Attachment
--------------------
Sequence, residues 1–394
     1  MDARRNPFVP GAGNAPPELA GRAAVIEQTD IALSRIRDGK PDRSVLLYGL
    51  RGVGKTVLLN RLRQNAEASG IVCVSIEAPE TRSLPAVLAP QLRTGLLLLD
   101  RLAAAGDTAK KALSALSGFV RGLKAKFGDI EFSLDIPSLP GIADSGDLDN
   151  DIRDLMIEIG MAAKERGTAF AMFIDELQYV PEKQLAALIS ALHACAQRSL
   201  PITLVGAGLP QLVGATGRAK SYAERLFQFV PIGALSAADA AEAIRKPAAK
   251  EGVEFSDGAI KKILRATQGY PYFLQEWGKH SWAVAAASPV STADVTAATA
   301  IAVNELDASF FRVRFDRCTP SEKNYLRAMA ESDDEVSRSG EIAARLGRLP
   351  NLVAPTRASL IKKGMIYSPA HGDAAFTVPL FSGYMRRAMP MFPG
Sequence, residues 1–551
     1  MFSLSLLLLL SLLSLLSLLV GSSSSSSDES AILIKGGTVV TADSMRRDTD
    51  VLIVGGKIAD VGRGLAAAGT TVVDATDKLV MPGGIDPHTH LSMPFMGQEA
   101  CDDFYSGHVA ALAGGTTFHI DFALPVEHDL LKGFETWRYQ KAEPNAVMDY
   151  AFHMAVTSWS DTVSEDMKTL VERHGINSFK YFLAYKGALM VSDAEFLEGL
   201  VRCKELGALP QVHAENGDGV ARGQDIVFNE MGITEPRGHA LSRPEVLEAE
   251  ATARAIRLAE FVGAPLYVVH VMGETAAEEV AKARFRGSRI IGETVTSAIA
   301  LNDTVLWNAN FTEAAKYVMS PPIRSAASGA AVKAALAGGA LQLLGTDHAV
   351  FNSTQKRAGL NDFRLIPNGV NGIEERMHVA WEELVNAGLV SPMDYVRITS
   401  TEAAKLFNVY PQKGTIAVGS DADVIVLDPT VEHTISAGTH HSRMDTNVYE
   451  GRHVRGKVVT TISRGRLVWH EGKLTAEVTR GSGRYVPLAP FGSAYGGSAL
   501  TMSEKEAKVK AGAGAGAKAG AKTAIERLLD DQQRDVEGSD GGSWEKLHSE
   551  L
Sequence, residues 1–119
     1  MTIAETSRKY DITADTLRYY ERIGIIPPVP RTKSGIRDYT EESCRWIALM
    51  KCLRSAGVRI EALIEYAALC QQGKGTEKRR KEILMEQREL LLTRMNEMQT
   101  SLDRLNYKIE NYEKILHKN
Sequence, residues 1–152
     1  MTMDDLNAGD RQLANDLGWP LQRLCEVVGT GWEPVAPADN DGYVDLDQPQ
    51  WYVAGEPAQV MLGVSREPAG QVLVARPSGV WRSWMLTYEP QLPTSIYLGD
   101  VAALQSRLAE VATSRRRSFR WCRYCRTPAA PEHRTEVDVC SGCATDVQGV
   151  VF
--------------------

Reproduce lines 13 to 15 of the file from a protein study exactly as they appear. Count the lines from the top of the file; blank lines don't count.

   101  CDDFYSGHVA ALAGGTTFHI DFALPVEHDL LKGFETWRYQ KAEPNAVMDY
   151  AFHMAVTSWS DTVSEDMKTL VERHGINSFK YFLAYKGALM VSDAEFLEGL
   201  VRCKELGALP QVHAENGDGV ARGQDIVFNE MGITEPRGHA LSRPEVLEAE